The aim is to create a new generation of rodents that can sniff out drugs or explosives, with the scientists saying the experiment is a proof of concept.
In the future, rats, mice, and perhaps dogs, could be genetically altered to track down certain scents, they report in the scientific journal Cell Reports.
"What we think we can do is make 'super sniffers' for particular odours," said co-researcher Dr Paul Feinstein.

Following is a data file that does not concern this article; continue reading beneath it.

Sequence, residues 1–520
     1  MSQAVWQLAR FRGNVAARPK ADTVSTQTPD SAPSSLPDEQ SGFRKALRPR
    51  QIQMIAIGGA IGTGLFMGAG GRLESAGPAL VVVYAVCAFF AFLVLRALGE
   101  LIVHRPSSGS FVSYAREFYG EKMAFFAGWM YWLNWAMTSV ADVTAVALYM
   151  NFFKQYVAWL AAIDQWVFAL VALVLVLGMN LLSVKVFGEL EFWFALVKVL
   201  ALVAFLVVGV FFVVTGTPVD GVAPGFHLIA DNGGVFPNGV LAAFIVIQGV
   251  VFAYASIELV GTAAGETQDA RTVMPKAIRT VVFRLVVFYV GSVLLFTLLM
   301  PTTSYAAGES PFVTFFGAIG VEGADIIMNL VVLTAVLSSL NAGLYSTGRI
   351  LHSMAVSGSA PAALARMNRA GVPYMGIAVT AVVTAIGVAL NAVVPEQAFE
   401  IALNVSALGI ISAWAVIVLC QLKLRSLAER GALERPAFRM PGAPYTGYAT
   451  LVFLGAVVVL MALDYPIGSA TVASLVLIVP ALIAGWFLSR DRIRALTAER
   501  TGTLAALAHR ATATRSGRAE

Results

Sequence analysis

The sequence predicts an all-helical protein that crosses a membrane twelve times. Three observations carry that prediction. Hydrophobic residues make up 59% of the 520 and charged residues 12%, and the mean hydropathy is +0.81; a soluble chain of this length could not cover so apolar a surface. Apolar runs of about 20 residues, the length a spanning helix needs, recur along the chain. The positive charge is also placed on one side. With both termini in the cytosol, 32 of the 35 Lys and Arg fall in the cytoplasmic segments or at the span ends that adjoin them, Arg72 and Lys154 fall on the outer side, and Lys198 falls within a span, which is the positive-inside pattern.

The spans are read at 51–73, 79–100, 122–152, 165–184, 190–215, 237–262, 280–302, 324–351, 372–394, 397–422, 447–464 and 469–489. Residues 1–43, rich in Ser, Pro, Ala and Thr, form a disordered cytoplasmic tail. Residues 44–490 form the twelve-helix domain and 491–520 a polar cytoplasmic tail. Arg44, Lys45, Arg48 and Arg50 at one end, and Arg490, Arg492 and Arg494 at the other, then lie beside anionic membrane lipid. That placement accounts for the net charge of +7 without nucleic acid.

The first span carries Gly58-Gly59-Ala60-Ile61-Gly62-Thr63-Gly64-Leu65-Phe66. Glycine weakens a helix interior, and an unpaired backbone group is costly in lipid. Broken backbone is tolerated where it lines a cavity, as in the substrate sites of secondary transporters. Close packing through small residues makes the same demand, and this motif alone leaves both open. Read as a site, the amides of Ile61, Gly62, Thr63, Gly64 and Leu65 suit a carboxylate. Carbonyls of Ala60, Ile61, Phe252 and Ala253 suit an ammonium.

Typically, ∼0.1% of the total number of olfactory sensory neurons (OSNs) in the main olfactory epithelium express the same odorant receptor (OR) in a singular fashion and their axons coalesce into homotypic glomeruli in the olfactory bulb. Here, we have dramatically increased the total number of OSNs expressing specific cloned OR coding sequences by multimerizing a 21-bp sequence encompassing the predicted homeodomain binding site sequence, TAATGA, known to be essential in OR gene choice. Singular gene choice is maintained in these “MouSensors.” In vivo synaptopHluorin imaging of odor-induced responses by known M71 ligands shows functional glomerular activation in an M71 MouSensor. Moreover, a behavioral avoidance task demonstrates that specific odor detection thresholds are significantly decreased in multiple transgenic lines, expressing mouse or human ORs. We have developed a versatile platform to study gene choice and axon identity, to create biosensors with great translational potential, and to finally decode human olfaction.